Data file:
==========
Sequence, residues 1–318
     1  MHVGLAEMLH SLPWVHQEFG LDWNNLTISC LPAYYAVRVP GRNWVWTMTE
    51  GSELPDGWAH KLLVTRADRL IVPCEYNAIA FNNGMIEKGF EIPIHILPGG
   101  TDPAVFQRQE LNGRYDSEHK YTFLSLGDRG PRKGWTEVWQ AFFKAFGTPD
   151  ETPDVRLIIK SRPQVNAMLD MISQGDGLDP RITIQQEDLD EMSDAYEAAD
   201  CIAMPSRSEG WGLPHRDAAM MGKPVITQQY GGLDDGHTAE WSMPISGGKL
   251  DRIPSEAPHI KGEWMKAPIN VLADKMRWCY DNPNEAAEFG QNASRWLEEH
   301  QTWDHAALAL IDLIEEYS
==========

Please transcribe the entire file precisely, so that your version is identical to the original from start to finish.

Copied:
Sequence, residues 1–318
     1  MHVGLAEMLH SLPWVHQEFG LDWNNLTISC LPAYYAVRVP GRNWVWTMTE
    51  GSELPDGWAH KLLVTRADRL IVPCEYNAIA FNNGMIEKGF EIPIHILPGG
   101  TDPAVFQRQE LNGRYDSEHK YTFLSLGDRG PRKGWTEVWQ AFFKAFGTPD
   151  ETPDVRLIIK SRPQVNAMLD MISQGDGLDP RITIQQEDLD EMSDAYEAAD
   201  CIAMPSRSEG WGLPHRDAAM MGKPVITQQY GGLDDGHTAE WSMPISGGKL
   251  DRIPSEAPHI KGEWMKAPIN VLADKMRWCY DNPNEAAEFG QNASRWLEEH
   301  QTWDHAALAL IDLIEEYS